We investigated the diversity of methane-oxidizing bacteria (i.e., methanotrophs) in an annual upland grassland in northern California, using comparative sequence analysis of the pmoA gene. In addition to identifying type II methanotrophs commonly found in soils, we discovered three novel pmoA lineages for which no cultivated members have been previously reported. These novel pmoA clades clustered together either with clone sequences related to "RA 14" or "WB5FH-A," which both represent clusters of environmentally retrieved sequences of putative atmospheric methane oxidizers. Conservation of amino acid residues and rates of non-synonymous versus synonymous nucleotide substitution in these novel lineages suggests that the pmoA genes in these clades code for functionally active methane monooxygenases. The novel clades responded to simulated global changes differently than the type II methanotrophs. We observed that the relative abundance of type II methanotrophs declined in response to increased precipitation and increased atmospheric temperature, with a significant antagonistic interaction between these factors such that the effect of both together was less than that expected from their individual effects. Two of the novel clades were not observed to respond significantly to these environmental changes, while one of the novel clades had an opposite response, increasing in relative abundance in response to increased precipitation and atmospheric temperature, with a significant antagonistic interaction between these factors.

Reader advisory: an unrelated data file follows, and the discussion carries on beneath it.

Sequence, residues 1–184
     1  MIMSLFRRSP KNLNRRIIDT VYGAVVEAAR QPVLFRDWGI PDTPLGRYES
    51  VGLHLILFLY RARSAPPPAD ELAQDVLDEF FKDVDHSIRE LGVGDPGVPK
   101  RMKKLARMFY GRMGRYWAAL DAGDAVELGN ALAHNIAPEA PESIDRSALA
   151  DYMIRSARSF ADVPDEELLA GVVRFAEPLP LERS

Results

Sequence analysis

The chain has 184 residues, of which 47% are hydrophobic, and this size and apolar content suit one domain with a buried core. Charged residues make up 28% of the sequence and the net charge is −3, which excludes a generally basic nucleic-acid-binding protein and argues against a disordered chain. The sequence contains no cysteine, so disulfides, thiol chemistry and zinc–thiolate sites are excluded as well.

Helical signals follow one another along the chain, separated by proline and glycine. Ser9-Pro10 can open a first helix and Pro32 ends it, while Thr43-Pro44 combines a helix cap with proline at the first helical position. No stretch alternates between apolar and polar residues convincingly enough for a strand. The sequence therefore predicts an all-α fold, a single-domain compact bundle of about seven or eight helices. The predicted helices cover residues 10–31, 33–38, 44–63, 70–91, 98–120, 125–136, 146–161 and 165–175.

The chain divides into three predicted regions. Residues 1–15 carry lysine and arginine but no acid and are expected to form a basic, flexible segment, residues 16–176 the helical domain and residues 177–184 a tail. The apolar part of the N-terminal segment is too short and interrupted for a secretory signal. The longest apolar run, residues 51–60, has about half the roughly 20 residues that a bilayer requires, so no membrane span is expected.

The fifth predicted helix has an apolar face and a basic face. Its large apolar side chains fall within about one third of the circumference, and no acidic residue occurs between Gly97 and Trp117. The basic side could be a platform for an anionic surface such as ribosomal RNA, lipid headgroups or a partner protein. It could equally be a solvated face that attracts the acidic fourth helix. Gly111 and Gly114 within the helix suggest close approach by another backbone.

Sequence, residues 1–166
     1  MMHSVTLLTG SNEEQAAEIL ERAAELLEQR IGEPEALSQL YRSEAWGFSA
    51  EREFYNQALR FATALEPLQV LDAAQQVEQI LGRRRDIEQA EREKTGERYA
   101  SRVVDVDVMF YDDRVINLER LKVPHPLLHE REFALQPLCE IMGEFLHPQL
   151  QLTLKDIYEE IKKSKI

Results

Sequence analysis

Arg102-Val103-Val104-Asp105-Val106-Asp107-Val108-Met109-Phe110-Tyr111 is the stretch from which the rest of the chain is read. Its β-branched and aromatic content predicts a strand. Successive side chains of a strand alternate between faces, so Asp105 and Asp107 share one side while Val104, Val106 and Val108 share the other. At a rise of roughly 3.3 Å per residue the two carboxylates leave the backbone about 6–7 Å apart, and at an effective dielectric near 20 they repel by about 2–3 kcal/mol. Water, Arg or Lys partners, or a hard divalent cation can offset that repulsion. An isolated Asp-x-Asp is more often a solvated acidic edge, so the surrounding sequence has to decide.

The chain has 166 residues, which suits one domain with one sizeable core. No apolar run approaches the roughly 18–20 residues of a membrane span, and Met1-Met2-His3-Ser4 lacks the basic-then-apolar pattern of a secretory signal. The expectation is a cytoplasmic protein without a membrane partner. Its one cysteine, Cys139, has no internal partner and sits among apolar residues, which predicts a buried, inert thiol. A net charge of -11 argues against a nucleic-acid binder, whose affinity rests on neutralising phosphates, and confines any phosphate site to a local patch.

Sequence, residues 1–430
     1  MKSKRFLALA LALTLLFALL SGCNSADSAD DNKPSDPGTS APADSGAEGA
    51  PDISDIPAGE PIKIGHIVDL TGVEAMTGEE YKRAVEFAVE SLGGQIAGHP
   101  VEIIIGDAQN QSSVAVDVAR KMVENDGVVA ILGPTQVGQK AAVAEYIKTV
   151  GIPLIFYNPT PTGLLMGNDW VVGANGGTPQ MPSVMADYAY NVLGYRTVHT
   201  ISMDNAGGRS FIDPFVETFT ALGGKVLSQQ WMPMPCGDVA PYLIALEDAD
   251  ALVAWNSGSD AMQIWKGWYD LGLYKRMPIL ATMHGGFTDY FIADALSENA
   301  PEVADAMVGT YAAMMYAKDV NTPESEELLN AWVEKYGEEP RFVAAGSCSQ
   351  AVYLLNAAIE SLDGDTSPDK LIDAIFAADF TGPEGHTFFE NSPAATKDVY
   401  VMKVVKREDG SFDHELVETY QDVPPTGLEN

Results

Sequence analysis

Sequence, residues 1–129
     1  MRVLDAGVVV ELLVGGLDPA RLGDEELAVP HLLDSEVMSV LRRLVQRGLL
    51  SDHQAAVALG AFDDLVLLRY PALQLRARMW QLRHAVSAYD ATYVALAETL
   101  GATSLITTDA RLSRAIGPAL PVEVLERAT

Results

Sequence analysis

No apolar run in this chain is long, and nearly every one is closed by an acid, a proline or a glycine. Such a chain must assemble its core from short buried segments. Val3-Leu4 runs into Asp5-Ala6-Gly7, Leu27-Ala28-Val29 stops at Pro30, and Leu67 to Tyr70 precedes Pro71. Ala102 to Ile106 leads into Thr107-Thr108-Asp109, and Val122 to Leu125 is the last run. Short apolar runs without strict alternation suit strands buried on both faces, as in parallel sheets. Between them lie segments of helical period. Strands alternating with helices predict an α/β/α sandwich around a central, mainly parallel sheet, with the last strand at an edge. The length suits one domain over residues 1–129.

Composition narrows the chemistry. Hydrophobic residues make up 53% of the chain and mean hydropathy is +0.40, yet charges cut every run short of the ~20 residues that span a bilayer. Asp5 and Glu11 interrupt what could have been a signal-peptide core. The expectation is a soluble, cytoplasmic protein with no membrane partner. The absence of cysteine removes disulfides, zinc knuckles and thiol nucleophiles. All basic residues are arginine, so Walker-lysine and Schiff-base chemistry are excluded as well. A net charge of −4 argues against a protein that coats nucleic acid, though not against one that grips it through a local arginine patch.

ASJC Scopus subject areas
- Food Science
- Applied Microbiology and Biotechnology